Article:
A Frodsham Harrier by Greg Baker

How to separate female/young male ringtail Hen Harrier? By Greg Baker

On Tuesday 26th February, I finally managed to get some decent views of the ringtail Hen Harrier hunting over the western sections of No.6 Tank. I had seen from earlier postings that it was presumed to be a female but I was unsure of this identification based on my views and mentioned this in an email to Bill. He suggested I look at the excellent photographs taken by Stuart Maddocks on the 6th February, which I have now done and subsequently believe this individual is a juvenile or first winter male rather than a female.

06.02

In the notes below references to ‘Photo A’ relate to Stuart’s photograph of the harrier from below and ‘Photo B’ to the photograph which shows much of the upperparts.
06.02.13. Hen Harrier, Frodsham Marsh. Stuart Maddocks
Firstly, its worth confirming it’s identity as a Hen Harrier based on the obvious five primary “fingers” and P10 being pretty much the same length as P5 in B. The yellow eye and streaked underparts extending onto the undertail coverts (shown well in Photo A) would suggest an adult female, however there are some other features which suggest otherwise. Whilst the underparts streaking is more extensive than on a typical juvenile, it is more obvious on the breast, the streaks are much less broad towards the rear and also the base colour of the underparts appears more buff-brown rather than the white which would be expected on a female. On Photo A there seems to be a lot of contrast between the arm and the hand on the underwing and the underwing coverts appear to have buff tips. The greater coverts appear generally uniform rather than barred and on Photo B also show a line of pale tips. The head pattern seems fairly distinct on Photo A, with a well-defined supercilium. Also on Photo A, one of the outer tail feathers shows a broad dark bar. All of these features suggest a juvenile or first winter rather than an adult female. Finally the yellow eye and not very distinct head pattern would suggest a young male.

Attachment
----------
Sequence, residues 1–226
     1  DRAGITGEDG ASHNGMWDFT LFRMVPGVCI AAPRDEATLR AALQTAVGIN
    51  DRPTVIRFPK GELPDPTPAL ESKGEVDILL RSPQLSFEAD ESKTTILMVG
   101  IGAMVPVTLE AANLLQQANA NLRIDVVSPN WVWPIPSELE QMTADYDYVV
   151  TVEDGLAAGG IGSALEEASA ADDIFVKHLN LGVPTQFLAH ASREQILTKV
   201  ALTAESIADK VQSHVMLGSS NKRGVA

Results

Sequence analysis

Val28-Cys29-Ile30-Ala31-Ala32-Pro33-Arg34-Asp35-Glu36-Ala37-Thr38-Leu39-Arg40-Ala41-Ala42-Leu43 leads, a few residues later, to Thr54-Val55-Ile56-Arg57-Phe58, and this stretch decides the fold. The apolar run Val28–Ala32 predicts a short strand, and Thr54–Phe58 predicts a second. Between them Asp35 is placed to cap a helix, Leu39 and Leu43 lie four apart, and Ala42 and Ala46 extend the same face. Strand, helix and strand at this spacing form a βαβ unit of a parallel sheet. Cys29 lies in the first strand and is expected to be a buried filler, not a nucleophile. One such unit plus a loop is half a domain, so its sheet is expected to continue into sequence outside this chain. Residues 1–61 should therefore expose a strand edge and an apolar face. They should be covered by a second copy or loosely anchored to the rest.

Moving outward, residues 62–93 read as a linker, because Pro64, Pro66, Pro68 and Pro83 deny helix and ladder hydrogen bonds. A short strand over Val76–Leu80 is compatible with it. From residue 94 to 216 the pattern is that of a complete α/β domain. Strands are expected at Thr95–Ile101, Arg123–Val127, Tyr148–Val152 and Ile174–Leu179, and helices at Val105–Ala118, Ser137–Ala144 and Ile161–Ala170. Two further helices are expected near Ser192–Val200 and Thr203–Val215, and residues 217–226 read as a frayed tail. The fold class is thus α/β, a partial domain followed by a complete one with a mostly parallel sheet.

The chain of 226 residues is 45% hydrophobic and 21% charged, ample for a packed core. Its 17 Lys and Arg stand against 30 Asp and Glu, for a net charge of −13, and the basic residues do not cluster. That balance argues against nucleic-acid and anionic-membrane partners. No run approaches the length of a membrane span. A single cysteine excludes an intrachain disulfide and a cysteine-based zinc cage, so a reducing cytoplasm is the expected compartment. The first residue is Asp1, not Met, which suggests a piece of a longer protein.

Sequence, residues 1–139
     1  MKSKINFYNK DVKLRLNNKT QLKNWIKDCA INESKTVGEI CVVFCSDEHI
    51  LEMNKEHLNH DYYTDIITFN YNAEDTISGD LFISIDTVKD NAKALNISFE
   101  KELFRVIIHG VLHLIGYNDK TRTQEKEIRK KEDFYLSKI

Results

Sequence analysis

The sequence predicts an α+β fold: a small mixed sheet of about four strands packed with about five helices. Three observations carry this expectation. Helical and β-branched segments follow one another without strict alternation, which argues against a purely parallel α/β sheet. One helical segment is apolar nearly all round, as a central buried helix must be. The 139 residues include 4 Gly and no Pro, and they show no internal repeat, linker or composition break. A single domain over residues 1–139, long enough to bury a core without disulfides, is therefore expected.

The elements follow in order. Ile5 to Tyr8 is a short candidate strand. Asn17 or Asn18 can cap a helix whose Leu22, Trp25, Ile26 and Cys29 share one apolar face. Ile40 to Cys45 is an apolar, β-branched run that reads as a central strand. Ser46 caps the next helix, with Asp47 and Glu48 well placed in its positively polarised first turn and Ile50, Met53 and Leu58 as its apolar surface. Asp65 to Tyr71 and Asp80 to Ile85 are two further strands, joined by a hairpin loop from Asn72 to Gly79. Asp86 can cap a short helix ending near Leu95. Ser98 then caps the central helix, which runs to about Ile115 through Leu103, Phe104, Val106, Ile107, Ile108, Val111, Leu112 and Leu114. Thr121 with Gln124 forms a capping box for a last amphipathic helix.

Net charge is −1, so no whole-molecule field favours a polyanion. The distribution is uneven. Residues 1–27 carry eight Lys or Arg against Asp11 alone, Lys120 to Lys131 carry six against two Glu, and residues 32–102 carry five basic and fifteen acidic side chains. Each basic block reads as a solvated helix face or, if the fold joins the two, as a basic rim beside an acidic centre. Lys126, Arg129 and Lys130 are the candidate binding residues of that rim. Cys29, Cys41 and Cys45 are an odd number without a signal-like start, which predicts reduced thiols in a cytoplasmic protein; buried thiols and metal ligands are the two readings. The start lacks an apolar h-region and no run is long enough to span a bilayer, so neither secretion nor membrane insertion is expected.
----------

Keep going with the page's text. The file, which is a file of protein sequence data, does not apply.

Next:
06.02.13. Hen Harrier. frodsham Marsh. Stuart Maddocks
06.02.13. Hen Harrier. frodsham Marsh. Stuart Maddocks (2)
If anyone has any alternative or other views on this birds age/sex they would be much appreciated.
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Greg Baker.
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All images by Stuart Maddocks.
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A useful source for wing topography is available from http://www.lbjs.co.za/pdf/Topography.pdf .
Additionally two Marsh Harriers present at Frodsham are a 2nd summer male (resembling a female) and an adult male. Eds
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